The web 12 is fed into the last printing station 18 at the same line speed or feed rate as the previous (i.e., conventional) printing stations. At the last printing station 18, the pickup roller 70 transfers the adhesive 68 from the tray 66 to the gravure 72, which collects and meters out a predetermined amount of the adhesive 68 and supplies the adhesive 68 to the raised area 80 on the flex-o-plate 76 as the flex-o-plate 76 rotates conjointly with the flex-o-roller 74. As the web 12 passes between the flex-o-roller 74 and the pressure roller 78, the raised area 80 of the flex-o-plate 76, which area now contains the adhesive 68, comes into contact with the web 12 and creates an adhesive pattern thereon, which pattern matches the shape of the raised area 80. For each revolution of the flex-o-roller 74, a corresponding adhesive pattern is created on the web 12. Thus, repeated revolutions of the flex-o-roller 74 create a series of spaced apart patterns of the adhesive 68 on the web 12, each pattern having a predetermined positional relationship relative to the corresponding patterns formed by the ink 32 and the ink 50. During the adhesive applying process, the adhesive 68 on the flex-o-roller 74 rewets itself because of its water soluble characteristics, thereby allowing the adhesive 68 to be applied very cleanly and accurately.
The web 12 is next passed through the heating station 20, which functions to evaporate water contained in the adhesive 68 that has been applied to the web 12, thereby drying the adhesive and initiating a curing process, which continues under ambient conditions. As the adhesive 68 undergoes drying, it "sets" so as to deter running beyond the boundaries of the adhesive pattern described above.
At the transfer station 24, the web 12, still traveling at the constant line speed or feed rate referred to above, is fed between the pinch rollers 92, 94, along with the roll leaf 90 which is fed from the supply station 22. As illustrated in FIG. 2, the pinch rollers 92, 94 generate a force sufficient to cause a size-coated metallic layer 98 of the roll leaf 90 to adhere to the adhesive 68 on the web 12 without the application of heal Upon contacting the metallic layer 98 of the roll leaf 90, the adhesive 68 bonds thereto and strips the metallic layer 98 from the roll leaf 90 when the roll leaf 90 and the web 12 are separated, thereby creating metallized designs 100 on the web 12 in the shape of the adhesive patterns formed by the adhesive 68. Also adhering to the web 12 is a clear protective coating or lacquer (not shown) of the metallic layer 98. Portions 102 of the metallic layer 98 that do not contact the adhesive 68 continue to adhere to the roll leaf 90 when the roll leaf 90 is separated from the web 12. The roll leaf 90 exiting the transfer station 24 continues on to the take-up station 26 where the roll leaf 90, with the portions 102 of the metallic layer 98 still adhering thereto, is wound up onto the spool 96.
As the web 12 exits the transfer station 24, it continues on to the wind-up station 28 where the web 12 is die-cut into individual pieces, each of which represents a label 104 (see FIG. 3). The adhesive curing process, which was initiated at the heating station 20, now continues on each piece under ambient conditions. Because the adhesive 68 does not exhibit cold flow, cracking of the metallized designs 100 on the web 12 is inhibited.
Referring now to FIG. 3, the label 104 includes the word "COLOR", which is uncolored (i.e., it is the same color as the web 12 because none of the ink 32 was applied to the indentations 46 on the flex-o-plate 40) and which is surrounded by one of the patterns formed by the ink 32. Similarly, the label 104 includes the word "GIFT", which is uncolored (i.e., it is the same color as the web 12 because none of the ink 50 was applied to the indentations 64 on the flex-o-plate 58) and which is surrounded by one of the patterns formed by the ink 50. The label 104 also includes one of the metallized designs 100, which surrounds the ink patterns on the label 104 and which is framed by an uncolored and non-metallized border 106 corresponding, in shape, to the outer indentation 86 on the flex-o-plate 76.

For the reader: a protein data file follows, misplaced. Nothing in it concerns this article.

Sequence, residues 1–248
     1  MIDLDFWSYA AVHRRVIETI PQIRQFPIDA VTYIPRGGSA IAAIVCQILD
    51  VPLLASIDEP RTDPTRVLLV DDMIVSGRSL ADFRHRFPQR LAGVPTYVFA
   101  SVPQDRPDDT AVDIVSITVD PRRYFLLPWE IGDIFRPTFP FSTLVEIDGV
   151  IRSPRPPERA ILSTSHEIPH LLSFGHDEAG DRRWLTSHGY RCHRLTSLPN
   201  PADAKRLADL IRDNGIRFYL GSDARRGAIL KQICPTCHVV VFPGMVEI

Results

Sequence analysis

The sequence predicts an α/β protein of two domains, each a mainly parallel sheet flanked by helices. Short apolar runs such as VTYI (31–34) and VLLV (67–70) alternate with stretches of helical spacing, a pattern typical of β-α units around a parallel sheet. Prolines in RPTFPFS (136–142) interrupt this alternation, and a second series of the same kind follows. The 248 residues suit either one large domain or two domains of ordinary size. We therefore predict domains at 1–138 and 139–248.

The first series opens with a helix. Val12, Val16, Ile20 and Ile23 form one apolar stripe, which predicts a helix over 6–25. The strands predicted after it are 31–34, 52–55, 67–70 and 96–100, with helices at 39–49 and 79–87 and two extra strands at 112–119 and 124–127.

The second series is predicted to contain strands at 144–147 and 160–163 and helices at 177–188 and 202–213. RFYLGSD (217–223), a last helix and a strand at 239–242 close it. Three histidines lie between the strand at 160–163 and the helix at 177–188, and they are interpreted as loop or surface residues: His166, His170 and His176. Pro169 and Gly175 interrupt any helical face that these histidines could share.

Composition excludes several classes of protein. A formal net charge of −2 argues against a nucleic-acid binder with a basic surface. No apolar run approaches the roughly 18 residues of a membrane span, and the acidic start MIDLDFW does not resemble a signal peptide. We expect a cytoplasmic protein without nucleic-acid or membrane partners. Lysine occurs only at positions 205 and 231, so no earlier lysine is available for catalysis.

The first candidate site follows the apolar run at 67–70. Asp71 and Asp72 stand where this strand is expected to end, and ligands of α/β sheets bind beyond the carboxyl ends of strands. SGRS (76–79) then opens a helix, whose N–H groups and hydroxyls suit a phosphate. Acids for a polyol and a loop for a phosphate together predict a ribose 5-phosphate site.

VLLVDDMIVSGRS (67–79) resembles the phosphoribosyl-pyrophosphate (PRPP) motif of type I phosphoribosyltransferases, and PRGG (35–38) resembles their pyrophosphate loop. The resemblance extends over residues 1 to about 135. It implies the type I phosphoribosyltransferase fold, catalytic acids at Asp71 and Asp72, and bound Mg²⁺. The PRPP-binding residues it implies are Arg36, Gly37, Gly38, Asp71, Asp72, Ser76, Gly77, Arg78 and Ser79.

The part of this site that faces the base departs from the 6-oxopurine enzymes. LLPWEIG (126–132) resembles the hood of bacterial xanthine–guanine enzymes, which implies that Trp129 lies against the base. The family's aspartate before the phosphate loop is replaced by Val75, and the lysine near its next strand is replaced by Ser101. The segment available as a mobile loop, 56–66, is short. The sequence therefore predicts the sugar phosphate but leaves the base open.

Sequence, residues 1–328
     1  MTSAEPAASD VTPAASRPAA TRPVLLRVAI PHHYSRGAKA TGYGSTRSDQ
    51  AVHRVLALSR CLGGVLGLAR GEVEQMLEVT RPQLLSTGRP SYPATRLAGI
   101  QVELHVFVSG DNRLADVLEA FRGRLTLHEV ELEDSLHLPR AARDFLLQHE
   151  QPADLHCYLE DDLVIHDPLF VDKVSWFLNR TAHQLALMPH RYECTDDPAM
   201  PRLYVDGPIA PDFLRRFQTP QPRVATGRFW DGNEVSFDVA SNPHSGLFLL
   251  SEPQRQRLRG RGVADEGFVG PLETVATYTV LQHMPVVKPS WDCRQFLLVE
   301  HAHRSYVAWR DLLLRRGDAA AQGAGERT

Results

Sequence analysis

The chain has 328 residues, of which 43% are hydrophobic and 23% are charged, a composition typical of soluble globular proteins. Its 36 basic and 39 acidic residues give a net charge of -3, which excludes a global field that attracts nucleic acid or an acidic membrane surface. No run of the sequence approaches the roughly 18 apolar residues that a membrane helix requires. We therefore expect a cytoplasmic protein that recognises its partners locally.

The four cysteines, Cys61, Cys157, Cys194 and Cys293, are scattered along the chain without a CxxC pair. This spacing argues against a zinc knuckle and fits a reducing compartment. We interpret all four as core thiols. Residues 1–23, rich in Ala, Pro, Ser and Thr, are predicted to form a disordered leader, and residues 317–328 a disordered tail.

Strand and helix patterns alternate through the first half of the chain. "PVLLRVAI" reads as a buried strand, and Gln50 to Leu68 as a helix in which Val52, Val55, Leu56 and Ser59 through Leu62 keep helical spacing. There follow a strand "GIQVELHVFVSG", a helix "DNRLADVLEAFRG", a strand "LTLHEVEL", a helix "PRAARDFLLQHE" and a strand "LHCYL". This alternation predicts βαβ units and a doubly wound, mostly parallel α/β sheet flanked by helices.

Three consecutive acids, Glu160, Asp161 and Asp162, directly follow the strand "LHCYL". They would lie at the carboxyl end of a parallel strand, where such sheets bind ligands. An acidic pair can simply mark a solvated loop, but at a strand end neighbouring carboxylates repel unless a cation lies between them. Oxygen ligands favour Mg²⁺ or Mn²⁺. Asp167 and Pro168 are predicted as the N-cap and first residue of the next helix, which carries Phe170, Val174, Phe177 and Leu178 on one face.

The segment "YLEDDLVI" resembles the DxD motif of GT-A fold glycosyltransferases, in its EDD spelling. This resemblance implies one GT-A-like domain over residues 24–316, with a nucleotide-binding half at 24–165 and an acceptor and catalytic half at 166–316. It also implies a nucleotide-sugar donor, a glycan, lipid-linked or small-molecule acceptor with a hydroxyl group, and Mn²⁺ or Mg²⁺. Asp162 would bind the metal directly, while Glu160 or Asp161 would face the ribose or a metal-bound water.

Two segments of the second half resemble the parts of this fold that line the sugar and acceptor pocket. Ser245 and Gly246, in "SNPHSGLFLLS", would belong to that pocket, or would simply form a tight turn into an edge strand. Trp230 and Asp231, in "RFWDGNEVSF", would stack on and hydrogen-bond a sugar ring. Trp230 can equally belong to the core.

It will be understood that the embodiment described herein is merely exemplary and that a person skilled in the art may make many variations and modifications without departing from the spirit and scope of the invention. For example, while the adhesive 68 is applied at the last printing station 18, it could just as well be applied at any of the other printing stations (i.e., at the first printing station 14 or at the intermediate printing station 16). Moreover, while flexographic printing is illustrated at each of the stations 14, 16 and 18, the printing could be accomplished by a gravure applicator or cylinder, or lithographically. It is also possible to replace the metallic layer 98 of the roll leaf 90 with a non-metallic layer. Thus, all such variations and modifications are intended to be included within the scope of the invention as defined in the appended claims.
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|U.S. Classification||101/33, 156/233|
|Cooperative Classification||B41F19/062, B41P2219/51, B41F19/06|
|European Classification||B41F19/06B, B41F19/06|
|Jul 1, 1996||AS||Assignment|
Owner name: ADHESION SYSTEMS INC., NEW JERSEY
Free format text: CROSS REFERENCING ASSIGNMENT FROM PATENT.;ASSIGNOR:CUELI, MANUEL S.;REEL/FRAME:008011/0984
Effective date: 19930830
Owner name: ADHESION SYSTEMS INC., NEW JERSEY
Free format text: CROSS REFERENCING ASSIGNMENT FROM PARENT APPLICATION SERIAL NO. 08/114,764 FILED 8/31/93, RECORDED AT REEL 6678, FRAME 0543 ON 8/31/93;ASSIGNOR:GROSS, LEONARD B.;REEL/FRAME:008011/0935
Effective date: 19930830
Owner name: CROWN ROLL LEAF, INC., NEW JERSEY
Free format text: ASSIGNMENT OF ASSIGNORS INTEREST;ASSIGNOR:CUELI, MANUEL S.;REEL/FRAME:008012/0394
Effective date: 19930830
Owner name: CROWN ROLL LEAF, INC., NEW JERSEY
Free format text: CROSS REFERENCING ASSIGNMENT FROM PARENT APLICATION SERIAL NO. 08/114,764 FILED ON 8/31/93, RECORDED A REEL 6678,FRAME 0541 ON 8/31/93.;ASSIGNOR:GROSS, LEONARD B.;REEL/FRAME:008012/0408
Effective date: 19930830
|Jul 8, 1997||CC||Certificate of correction|
|Aug 18, 2000||FPAY||Fee payment|
Year of fee payment: 4
|Aug 16, 2004||FPAY||Fee payment|
Year of fee payment: 8
|Jul 17, 2008||FPAY||Fee payment|
Year of fee payment: 12